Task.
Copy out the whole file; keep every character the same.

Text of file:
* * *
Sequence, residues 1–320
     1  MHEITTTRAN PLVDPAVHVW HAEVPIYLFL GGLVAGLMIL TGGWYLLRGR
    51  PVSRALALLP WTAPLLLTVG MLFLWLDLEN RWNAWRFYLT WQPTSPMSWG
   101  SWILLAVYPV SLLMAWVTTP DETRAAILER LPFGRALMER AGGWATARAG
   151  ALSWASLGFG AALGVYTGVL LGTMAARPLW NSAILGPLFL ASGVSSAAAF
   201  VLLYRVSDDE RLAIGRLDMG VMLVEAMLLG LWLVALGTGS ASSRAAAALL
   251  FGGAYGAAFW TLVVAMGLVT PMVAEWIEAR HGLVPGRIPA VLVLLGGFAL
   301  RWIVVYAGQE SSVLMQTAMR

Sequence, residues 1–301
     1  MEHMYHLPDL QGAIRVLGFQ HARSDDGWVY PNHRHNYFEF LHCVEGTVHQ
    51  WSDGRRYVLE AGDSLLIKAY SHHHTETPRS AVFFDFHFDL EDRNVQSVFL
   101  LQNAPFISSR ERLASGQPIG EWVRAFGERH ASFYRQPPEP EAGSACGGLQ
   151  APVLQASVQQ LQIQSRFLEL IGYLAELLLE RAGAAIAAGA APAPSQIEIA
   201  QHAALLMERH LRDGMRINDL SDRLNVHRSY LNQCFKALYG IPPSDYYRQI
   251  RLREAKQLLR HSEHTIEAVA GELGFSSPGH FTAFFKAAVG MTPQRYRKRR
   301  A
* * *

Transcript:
Sequence, residues 1–320
     1  MHEITTTRAN PLVDPAVHVW HAEVPIYLFL GGLVAGLMIL TGGWYLLRGR
    51  PVSRALALLP WTAPLLLTVG MLFLWLDLEN RWNAWRFYLT WQPTSPMSWG
   101  SWILLAVYPV SLLMAWVTTP DETRAAILER LPFGRALMER AGGWATARAG
   151  ALSWASLGFG AALGVYTGVL LGTMAARPLW NSAILGPLFL ASGVSSAAAF
   201  VLLYRVSDDE RLAIGRLDMG VMLVEAMLLG LWLVALGTGS ASSRAAAALL
   251  FGGAYGAAFW TLVVAMGLVT PMVAEWIEAR HGLVPGRIPA VLVLLGGFAL
   301  RWIVVYAGQE SSVLMQTAMR

Sequence, residues 1–301
     1  MEHMYHLPDL QGAIRVLGFQ HARSDDGWVY PNHRHNYFEF LHCVEGTVHQ
    51  WSDGRRYVLE AGDSLLIKAY SHHHTETPRS AVFFDFHFDL EDRNVQSVFL
   101  LQNAPFISSR ERLASGQPIG EWVRAFGERH ASFYRQPPEP EAGSACGGLQ
   151  APVLQASVQQ LQIQSRFLEL IGYLAELLLE RAGAAIAAGA APAPSQIEIA
   201  QHAALLMERH LRDGMRINDL SDRLNVHRSY LNQCFKALYG IPPSDYYRQI
   251  RLREAKQLLR HSEHTIEAVA GELGFSSPGH FTAFFKAAVG MTPQRYRKRR
   301  A